Movie poster

A promotional poster advertising the event.

Content warning: paragraph four of this article describes complications to abortion procedures, as they are depicted in the film.


The Catholic ministry at King's is showing the anti-abortion film Unplanned on Thursday, after the film brought protests and controversy across Canada with its release this summer.

Unplanned, released in the US this March, is based on the memoir of the same title by Abby Johnson, detailing the author's conversion from a Planned Parenthood clinic director to an anti-abortion advocate.

It depicts several violent abortion scenes, including a five-minute sequence of the protagonist hemorrhaging blood and almost dying after taking a prescribed abortion pill. In another scene, a woman is left bleeding in the hallway of a clinic and drugged so she will lose her memory.

The film was approved in only 56 theatres across Canada, including in London, where it faced protestors.

The ministry of King's University College is showing the film on campus Thursday evening. The ministry, a religious body of Western University's largest affiliate, aims to spark discussion about abortion with the screening.

Reverend Michael Bechard is the ministry's director and a priest in the Diocese of London; while King's has Catholic roots, he said the ministry's goal is not to persuade attendees against abortion, but to have a conversation about it.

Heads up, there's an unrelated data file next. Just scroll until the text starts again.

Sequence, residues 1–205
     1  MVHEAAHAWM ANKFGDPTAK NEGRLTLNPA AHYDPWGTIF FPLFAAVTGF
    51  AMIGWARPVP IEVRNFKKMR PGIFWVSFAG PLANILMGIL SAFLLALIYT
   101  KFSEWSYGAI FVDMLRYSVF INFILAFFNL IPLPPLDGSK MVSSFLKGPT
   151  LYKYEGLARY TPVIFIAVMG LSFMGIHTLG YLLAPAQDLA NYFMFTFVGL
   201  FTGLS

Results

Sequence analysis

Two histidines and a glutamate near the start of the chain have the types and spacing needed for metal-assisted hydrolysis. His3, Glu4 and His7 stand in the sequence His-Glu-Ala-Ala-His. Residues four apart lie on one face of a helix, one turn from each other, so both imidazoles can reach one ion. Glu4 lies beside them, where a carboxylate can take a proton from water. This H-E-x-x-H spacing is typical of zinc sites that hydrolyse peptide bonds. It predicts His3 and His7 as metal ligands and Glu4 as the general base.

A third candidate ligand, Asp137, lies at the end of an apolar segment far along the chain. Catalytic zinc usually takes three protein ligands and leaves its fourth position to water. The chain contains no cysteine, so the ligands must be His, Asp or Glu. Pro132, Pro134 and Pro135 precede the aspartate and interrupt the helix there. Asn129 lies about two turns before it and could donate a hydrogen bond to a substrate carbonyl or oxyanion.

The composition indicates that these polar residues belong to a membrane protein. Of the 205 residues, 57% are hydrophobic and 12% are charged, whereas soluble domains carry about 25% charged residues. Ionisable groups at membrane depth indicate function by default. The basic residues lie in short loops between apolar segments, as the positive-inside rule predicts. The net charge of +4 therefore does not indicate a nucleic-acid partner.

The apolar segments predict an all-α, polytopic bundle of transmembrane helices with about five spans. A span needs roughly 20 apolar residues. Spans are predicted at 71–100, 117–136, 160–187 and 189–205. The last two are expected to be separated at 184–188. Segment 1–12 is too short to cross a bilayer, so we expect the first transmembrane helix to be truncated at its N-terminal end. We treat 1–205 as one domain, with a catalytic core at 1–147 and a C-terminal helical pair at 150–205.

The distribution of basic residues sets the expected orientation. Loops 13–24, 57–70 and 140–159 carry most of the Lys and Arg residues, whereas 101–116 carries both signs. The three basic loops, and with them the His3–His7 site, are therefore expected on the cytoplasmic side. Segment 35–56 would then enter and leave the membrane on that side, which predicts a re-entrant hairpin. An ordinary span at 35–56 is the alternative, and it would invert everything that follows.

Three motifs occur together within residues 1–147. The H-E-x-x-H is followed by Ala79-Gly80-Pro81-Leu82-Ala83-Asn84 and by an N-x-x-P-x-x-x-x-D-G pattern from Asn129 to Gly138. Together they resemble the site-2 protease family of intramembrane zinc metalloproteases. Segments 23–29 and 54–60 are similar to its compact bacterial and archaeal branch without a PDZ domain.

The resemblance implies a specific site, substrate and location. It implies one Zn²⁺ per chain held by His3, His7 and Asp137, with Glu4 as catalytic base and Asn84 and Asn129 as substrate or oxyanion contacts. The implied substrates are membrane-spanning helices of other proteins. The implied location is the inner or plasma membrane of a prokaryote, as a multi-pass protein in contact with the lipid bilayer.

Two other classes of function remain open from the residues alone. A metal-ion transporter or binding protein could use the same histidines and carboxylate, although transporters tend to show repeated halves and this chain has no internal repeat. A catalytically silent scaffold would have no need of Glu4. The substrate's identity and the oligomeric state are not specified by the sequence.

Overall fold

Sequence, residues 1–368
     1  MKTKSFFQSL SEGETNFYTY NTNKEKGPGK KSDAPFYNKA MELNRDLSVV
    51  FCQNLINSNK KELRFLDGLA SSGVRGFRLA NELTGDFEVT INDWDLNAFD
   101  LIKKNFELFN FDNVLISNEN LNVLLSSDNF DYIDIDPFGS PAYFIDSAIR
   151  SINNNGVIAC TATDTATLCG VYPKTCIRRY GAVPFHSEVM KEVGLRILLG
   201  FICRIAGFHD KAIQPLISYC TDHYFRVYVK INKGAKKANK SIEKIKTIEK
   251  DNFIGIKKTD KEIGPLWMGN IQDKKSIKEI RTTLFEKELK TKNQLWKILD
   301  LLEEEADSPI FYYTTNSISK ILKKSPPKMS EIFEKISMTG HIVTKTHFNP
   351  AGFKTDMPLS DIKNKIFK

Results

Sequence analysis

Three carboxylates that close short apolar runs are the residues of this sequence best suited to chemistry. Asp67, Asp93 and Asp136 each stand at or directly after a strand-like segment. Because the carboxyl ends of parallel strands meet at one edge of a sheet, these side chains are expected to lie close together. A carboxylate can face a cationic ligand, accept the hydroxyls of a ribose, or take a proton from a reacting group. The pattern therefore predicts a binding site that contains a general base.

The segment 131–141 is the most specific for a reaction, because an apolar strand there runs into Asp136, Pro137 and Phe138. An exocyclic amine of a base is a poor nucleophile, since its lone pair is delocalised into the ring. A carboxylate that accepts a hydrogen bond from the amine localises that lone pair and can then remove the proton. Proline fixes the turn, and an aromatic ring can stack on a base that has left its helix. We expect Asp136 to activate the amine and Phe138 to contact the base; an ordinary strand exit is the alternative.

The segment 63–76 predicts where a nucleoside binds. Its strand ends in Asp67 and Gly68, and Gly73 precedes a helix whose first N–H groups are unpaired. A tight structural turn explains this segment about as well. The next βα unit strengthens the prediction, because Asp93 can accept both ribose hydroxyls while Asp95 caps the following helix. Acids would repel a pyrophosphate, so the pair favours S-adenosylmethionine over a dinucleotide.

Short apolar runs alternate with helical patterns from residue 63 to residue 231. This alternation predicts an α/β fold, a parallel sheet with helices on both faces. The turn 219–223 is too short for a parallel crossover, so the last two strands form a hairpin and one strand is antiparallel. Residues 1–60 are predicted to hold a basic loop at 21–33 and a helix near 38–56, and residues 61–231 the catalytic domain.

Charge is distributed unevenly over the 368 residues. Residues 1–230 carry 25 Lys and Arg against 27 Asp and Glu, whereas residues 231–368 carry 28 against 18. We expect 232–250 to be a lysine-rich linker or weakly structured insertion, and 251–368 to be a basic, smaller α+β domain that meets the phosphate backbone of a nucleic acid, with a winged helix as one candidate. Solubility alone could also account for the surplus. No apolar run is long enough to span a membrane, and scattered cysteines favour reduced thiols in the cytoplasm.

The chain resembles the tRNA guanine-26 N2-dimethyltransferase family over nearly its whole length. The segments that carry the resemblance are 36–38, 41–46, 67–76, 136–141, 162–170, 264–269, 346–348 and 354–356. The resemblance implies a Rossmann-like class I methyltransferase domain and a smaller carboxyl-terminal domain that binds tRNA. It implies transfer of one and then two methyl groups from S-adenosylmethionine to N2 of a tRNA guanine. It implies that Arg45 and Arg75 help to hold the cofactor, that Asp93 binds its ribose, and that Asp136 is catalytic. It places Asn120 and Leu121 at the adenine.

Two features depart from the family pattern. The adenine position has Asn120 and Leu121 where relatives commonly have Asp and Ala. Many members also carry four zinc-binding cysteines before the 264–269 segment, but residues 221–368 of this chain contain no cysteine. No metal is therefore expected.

"It's part of our values and our mission statement to support life in all its stages, from conception to natural death. And we hope that this will begin to really challenge people to think about how we are responding to the many complex needs in our community," he said.

Bechard is aware that showings in London were protested, and is open to protestors attending Thursday's screening, but hopes that they are respectful.

"We recognize it is a very controversial topic for people," said Bechard. "A university is needing always to be ready to deal with ... putting things out there that are going to generate ideas, powerful emotions and divergent thoughts."

Cineplex faced widespread backlash for showing the movie, prompting CEO Ellis Jacob to release a statement arguing that "a country that censors content, opinions and points of view because they are different from our own is not a country that any of us want to live in."

The movie and its underlying memoir have been harshly criticized in Canada and the US. Many television networks refused to run ads for the film, and major music studios declined to work on its production.

Planned Parenthood also released a statement rebuking the film as “simply false” with “distortions and incorrect depictions about healthcare.” 

Robyn Schwarz, the co-founder of Pro-Choice London, called it “a propaganda film from the anti-choice movement.”

King's is showing the film as part of The Veritas Series for Faith and Culture, an annual lecture series that is meant to engage the community in difficult topics.

The film will be shown Thursday at 7 p.m. at the Joanne and Peter Kenny Theatre. The event is open to anyone and will conclude with a discussion of the film.

Money raised from the event will be used to help the campus ministry support refugees from the Syrian conflict. 

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